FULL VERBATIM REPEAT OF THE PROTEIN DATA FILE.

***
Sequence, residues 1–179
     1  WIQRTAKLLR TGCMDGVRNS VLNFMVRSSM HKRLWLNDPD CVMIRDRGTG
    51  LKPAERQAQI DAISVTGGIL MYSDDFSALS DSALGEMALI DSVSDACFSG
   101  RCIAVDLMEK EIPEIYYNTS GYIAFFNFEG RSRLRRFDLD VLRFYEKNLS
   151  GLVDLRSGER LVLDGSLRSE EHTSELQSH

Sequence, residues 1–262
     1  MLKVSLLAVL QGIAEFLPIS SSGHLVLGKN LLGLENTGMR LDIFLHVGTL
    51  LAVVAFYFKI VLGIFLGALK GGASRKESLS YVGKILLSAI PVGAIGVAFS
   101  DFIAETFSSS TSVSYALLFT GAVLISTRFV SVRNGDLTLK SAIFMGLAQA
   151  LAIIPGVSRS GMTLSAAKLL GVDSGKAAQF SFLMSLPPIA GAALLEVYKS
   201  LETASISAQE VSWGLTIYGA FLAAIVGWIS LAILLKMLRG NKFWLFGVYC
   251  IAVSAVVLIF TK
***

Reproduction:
Sequence, residues 1–179
     1  WIQRTAKLLR TGCMDGVRNS VLNFMVRSSM HKRLWLNDPD CVMIRDRGTG
    51  LKPAERQAQI DAISVTGGIL MYSDDFSALS DSALGEMALI DSVSDACFSG
   101  RCIAVDLMEK EIPEIYYNTS GYIAFFNFEG RSRLRRFDLD VLRFYEKNLS
   151  GLVDLRSGER LVLDGSLRSE EHTSELQSH

Sequence, residues 1–262
     1  MLKVSLLAVL QGIAEFLPIS SSGHLVLGKN LLGLENTGMR LDIFLHVGTL
    51  LAVVAFYFKI VLGIFLGALK GGASRKESLS YVGKILLSAI PVGAIGVAFS
   101  DFIAETFSSS TSVSYALLFT GAVLISTRFV SVRNGDLTLK SAIFMGLAQA
   151  LAIIPGVSRS GMTLSAAKLL GVDSGKAAQF SFLMSLPPIA GAALLEVYKS
   201  LETASISAQE VSWGLTIYGA FLAAIVGWIS LAILLKMLRG NKFWLFGVYC
   251  IAVSAVVLIF TK